Religion in schools emerged as a significant issue at the Supreme Court starting in 1947’s Everson v. Board of Education, when the justices upheld a New Jersey law allowing school boards to reimburse parents for transportation costs to and from schools, including ones that are religiously affiliated.
According to the First Amendment, “Congress shall make no law respecting an establishment of religion, or prohibiting the free exercise thereof” – an idea courts often interpreted as requiring “a wall of separation between church and state.” In Everson, however, the Supreme Court upheld the law as not violating the First Amendment because children, not their schools, were the primary beneficiaries.
Everson signaled the start of the “child benefit test,” an evolving legal concept that I have written about in my work on education law. According to this test, which has guided many of the court’s decisions about religion, money and education, children who attend faith-based schools are the primary beneficiaries of the state aid they receive, rather than their schools. In other words, this logic reasons that the government is not directly supporting particular religions.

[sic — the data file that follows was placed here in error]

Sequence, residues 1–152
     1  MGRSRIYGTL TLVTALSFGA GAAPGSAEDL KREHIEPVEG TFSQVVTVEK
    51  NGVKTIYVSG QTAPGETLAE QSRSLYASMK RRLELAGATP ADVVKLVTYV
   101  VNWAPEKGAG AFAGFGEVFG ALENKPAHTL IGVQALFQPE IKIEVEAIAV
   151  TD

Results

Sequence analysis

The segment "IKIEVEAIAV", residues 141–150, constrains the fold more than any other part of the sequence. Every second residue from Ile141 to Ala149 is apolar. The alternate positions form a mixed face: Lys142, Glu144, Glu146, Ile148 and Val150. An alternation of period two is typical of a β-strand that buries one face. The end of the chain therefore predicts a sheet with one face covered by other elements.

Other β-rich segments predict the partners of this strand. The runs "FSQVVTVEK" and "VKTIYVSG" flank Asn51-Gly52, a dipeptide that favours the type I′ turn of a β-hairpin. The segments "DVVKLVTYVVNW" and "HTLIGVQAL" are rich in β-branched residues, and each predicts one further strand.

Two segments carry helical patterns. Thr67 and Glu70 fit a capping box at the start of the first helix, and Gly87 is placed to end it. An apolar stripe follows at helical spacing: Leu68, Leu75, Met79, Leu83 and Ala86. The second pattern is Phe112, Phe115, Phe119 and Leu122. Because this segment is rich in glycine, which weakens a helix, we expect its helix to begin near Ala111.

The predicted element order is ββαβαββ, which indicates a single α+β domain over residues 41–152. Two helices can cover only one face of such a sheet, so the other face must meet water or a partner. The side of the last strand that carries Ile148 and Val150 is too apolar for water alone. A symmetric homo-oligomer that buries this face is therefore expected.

In recent years, though, the court has expanded the boundaries of what aid is allowed – as it has now done again with Carson. The decision extends the Supreme Court’s two most recent judgments on aid to students in faith-based schools: In 2017’s Trinity Lutheran Church of Columbia v. Comer, the Supreme Court reasoned that states cannot deny religious people or religious institutions generally available public benefits simply because they are religious. Three years later, in Espinoza v. Montana Department of Revenue, the court decided the state’s tuition tax credit program cannot bar private, faith-based “schools from public benefits solely because of the religious character of the schools.”